Carbon has a bad rep, but did you know it's a building block of life? As atoms evolved, carbon trapped in CO2 was freed, giving way to the creation of complex molecules that use photosynthesis to convert carbon to food. Soon after, plants, herbivores, and carnivores began populating the earth and the cycle of life began.

Learn more about how carbon created life on Earth in the second episode of Eni's Story of CO2 series.

On Tuesday night, you can finally watch Trump and Biden tangle on the debate stage. But you TOO can go head to head on debate night .. with your fellow US politics junkies.

Print out GZERO's handy debate BINGO cards and get ready to rumble. There are four different cards so that each player may have a unique board. Every time one of the candidates says one of these words or terms, X it on your card. First player to get five across wins. And if you really want to jazz it up, you can mark each of your words by taking a swig of your drink, or doing five burpees, or donating to your favorite charity or political candidate. Whatever gets you tipsy, in shape, or motivated, get the bingo cards here. It's fight night!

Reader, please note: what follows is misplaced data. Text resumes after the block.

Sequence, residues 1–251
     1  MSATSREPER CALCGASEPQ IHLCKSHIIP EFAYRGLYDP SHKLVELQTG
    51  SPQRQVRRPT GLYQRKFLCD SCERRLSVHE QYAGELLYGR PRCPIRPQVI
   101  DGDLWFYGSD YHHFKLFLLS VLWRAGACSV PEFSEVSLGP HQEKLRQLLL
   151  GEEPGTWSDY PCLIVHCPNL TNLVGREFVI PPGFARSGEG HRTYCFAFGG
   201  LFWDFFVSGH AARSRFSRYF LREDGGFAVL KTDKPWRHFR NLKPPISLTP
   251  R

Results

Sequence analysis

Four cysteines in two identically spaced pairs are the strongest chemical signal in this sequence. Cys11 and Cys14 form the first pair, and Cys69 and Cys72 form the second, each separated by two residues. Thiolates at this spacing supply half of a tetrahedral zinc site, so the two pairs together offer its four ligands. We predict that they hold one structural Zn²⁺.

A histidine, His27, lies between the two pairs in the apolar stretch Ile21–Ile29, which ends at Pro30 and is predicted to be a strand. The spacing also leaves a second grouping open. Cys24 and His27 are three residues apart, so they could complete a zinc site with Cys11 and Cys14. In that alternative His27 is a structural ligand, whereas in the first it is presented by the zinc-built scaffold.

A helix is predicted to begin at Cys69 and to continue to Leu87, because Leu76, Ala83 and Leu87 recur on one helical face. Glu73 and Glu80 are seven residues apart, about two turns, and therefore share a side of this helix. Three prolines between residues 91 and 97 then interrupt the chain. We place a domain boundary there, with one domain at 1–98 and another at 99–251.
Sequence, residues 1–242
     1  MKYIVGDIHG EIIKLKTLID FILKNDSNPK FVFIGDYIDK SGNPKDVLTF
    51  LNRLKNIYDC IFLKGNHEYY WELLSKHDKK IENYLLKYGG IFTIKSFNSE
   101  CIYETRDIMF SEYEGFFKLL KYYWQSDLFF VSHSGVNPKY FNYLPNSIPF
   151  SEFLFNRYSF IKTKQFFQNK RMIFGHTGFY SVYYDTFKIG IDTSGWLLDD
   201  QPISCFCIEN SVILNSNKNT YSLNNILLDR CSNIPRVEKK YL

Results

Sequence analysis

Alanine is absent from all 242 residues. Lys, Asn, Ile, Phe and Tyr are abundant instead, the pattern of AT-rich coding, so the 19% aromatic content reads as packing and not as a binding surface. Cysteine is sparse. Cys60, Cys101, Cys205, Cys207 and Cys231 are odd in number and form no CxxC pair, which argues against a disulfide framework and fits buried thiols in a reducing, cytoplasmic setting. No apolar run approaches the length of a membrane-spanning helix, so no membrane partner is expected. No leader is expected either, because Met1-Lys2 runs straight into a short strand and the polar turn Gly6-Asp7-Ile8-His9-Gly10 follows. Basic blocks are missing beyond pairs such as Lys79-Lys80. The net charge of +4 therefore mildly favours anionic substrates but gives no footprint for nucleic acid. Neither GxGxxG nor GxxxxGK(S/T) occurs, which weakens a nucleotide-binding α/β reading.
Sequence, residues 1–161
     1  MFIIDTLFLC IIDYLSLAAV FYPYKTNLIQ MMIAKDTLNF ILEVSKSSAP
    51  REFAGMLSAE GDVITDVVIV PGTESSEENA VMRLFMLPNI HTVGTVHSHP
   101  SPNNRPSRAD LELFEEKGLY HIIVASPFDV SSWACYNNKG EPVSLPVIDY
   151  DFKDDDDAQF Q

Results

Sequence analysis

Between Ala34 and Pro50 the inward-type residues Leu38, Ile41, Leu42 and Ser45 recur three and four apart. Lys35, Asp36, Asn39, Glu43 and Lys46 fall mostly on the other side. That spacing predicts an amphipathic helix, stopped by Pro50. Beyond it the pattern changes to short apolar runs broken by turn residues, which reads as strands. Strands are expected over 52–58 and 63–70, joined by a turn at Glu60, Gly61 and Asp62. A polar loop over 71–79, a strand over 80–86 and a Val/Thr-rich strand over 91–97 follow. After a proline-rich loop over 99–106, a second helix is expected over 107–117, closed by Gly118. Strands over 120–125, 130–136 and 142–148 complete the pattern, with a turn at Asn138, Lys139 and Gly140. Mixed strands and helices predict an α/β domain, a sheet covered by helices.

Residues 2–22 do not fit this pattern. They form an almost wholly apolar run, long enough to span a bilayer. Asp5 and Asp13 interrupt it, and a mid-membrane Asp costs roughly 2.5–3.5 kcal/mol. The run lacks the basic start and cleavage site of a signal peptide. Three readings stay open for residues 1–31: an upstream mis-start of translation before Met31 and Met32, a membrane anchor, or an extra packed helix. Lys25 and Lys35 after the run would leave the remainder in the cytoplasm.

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GZERO Media, in partnership with the Bill and Melinda Gates Foundation and Eurasia Group, today hosted its second virtual town hall on the hunt for a COVID-19 vaccine and the challenges of its distribution.

The panel was moderated by New York Times science and health reporter Apoorva Mandavilli and featured Gates Foundation's Deputy Director of Vaccines & Human Immunobiology, Lynda Stuart; Eurasia Group's Rohitesh Dhawan, Managing Director of Energy, Climate & Resources; Gates Foundation CEO Mark Suzman; and Gayle E. Smith, the president & CEO of ONE Campaign and former Administrator of the U.S. Agency for International Development.

Watch the full video above.